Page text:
Do you have a strategy and plan? If you have invested in MarTech, are you getting a return on that investment? Are you auditing and reviewing its utilisation? Who is owning the costs? Who is managing the supplier relationships? What skills and capabilities do you need to leverage your Martech plan in the business? So how can you ensure you are maximising value in your business or organisation through marketing technology?
9-step process for maximising business value through marketing technology
1. Have in place your business or organisational objectives and goals first. You’re going to need to have them to ensure that your marketing technology strategy, plan and choices are aligned and form part of your business case.
2. Undertake an audit of your current audience | customer journey (CX).
• Where and how do they come into contact with your business?
• What marketing tools are you currently using to attract, engage, convert and retain your audiences and customers?
• Write up a list of the tools inventory you are currently using across advertising and promotion, commerce and sales, data, management, social and content.
3. Audit, analyse and review the cost and value of your current marketing tools and technology. You’ll want to use this as a benchmark for any future changes including new investment.
4. Craft a GAP Analysis that includes what tools you think you might want to lose, retain, optimise or invest in as new, that will fill a gap and in line with your over-arching goals and objectives. This step includes researching the market to determine what other tools would make a good fit, as well as looking at how to get the best out of those tools you wish to retain.
5. Once you have determined your current state of marketing technology and what a new state (or stack) might include, establish a very honest introspection of your ability as a business or organisation to implement new changes. It’s what the Martech Alliance refer to as a ‘Maturity Assessment’. How well developed are you in your marketing technology skills and capabilities planning, people, platform and processes)?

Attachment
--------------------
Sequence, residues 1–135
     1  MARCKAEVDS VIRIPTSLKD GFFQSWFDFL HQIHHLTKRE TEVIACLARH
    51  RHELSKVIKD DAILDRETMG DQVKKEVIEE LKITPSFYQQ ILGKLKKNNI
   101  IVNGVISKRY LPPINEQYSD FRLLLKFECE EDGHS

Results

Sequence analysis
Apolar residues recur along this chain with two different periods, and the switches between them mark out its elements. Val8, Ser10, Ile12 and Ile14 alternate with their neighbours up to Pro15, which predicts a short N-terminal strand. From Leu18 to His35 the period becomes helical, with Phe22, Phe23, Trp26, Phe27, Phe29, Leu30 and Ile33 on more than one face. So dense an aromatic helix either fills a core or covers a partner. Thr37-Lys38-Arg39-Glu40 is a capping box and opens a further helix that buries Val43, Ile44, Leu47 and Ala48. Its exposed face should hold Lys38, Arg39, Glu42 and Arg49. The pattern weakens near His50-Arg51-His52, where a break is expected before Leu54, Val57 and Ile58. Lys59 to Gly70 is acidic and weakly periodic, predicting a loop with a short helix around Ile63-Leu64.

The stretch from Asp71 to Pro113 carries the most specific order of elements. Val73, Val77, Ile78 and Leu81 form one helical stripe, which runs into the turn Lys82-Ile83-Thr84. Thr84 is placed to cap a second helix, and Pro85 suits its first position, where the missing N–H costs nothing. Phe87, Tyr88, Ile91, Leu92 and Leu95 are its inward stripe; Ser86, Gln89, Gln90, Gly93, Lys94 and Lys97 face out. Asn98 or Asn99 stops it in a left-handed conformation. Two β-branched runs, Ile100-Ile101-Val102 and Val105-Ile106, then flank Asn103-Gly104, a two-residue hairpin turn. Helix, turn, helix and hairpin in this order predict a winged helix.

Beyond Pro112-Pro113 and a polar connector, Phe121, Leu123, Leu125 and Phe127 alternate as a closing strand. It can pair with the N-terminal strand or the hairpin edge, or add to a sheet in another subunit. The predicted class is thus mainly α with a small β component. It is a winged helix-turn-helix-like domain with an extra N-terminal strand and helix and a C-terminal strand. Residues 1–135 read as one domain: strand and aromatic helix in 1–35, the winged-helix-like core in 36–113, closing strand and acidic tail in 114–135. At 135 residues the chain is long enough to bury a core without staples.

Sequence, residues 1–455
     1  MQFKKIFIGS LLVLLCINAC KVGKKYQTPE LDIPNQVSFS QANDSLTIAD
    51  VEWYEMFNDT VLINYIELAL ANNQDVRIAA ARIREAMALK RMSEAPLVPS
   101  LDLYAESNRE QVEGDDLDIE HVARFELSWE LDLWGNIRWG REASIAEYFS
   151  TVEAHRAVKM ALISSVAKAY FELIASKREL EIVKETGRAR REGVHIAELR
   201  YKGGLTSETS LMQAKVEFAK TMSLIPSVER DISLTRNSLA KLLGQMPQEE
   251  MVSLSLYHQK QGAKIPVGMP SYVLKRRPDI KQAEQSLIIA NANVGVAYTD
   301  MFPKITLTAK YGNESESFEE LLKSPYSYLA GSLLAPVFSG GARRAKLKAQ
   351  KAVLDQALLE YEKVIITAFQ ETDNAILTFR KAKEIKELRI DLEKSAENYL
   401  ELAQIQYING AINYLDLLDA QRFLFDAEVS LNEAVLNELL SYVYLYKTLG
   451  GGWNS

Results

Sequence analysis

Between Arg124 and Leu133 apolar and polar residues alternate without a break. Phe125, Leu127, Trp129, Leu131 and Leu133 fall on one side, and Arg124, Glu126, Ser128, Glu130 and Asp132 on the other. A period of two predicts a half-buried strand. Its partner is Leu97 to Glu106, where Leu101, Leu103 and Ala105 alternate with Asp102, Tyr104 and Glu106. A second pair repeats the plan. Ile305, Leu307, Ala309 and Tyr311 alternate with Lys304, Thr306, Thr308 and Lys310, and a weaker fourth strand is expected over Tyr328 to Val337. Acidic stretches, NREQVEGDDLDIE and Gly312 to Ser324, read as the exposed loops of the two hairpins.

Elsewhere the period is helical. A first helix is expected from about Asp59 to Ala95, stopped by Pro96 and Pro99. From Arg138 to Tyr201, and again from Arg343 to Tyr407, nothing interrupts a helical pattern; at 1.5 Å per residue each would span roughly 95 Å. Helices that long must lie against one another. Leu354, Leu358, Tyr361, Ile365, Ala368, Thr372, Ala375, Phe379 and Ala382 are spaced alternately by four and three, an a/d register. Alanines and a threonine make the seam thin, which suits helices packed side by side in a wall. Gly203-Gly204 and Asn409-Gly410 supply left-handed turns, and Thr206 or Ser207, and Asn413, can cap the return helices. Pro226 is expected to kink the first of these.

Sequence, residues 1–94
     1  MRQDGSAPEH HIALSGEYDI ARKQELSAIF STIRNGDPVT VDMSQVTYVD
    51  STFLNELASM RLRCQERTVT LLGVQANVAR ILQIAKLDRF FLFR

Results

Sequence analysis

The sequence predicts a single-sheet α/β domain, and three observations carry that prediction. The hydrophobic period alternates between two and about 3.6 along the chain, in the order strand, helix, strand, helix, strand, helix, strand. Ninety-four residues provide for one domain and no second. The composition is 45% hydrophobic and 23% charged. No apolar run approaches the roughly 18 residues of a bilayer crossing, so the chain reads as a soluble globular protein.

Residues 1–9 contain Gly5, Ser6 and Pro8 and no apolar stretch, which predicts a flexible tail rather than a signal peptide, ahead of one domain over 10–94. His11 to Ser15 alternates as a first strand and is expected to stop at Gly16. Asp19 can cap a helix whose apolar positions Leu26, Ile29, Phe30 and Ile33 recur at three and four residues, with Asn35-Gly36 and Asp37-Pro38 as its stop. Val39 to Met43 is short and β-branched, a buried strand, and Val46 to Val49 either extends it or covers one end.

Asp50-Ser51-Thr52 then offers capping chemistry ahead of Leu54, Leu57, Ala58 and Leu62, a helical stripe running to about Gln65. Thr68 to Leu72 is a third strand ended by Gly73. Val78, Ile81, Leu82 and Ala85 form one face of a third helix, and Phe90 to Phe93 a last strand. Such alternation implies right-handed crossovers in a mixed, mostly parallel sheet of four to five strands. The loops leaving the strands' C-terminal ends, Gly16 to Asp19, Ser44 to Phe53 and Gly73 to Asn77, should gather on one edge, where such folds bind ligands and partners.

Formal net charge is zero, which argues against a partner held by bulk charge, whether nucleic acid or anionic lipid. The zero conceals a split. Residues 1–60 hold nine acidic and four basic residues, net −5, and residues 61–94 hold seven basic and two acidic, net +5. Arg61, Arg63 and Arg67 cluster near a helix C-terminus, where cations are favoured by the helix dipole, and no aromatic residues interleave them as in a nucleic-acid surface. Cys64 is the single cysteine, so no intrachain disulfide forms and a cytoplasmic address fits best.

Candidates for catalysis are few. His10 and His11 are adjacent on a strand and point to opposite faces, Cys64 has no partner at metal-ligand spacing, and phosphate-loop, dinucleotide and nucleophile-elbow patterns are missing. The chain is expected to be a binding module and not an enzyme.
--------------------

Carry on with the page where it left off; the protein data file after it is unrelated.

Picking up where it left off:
6. Think about the current state of your team and structure:
• Who owns or will own marketing technology?
• Is it currently sitting with IT, Procurement or Marketing?
• Do you have a lead ‘sponsor’? How will you construct roles and responsibilities?
7. Start constructing what your new technology stack might include:
• What are you proposing to include?
• What value will it drive?
8. Once you’ve constructed your marketing technology stack and research tools, technologies and vendors, construct a robust procurement and vendor selection process.
• Include your current budget and expenditure as a benchmark.
• Create a cost comparison matrix.
• Establish a vendor scorecard measuring fit, functionality, Net Zero, SLA, team chemistry.
• Include in your SLA a quarterly review of utilisation, costs and ROI.
9. As marketing technology and its implementation and integration becomes more complex, it requires both an agile but strong process and operations plan:
• Monitor vendors, track contract timelines, costs and price increases.
• Ensure effective on-boarding and training.
• Put in place data and governance policies.
• Improve internal communication and collaboration processes.
• Establish effective analytics and reporting.
Finally, one last observation. Think about outcomes rather than features. Investing in and implementing shiny and new marketing technology features will not facilitate a successful- and sustainable marketing technology programme. Critical to success (in parallel with the 9 steps outlined) will be to focus on the outcomes. What do you want your marketing technology and stack to deliver? How does it fit your goals and objectives? How will you measure the customer experience? And how will you measure return on investment? It can be a complicated journey, made less complex by following a set of principles and our 9-step process.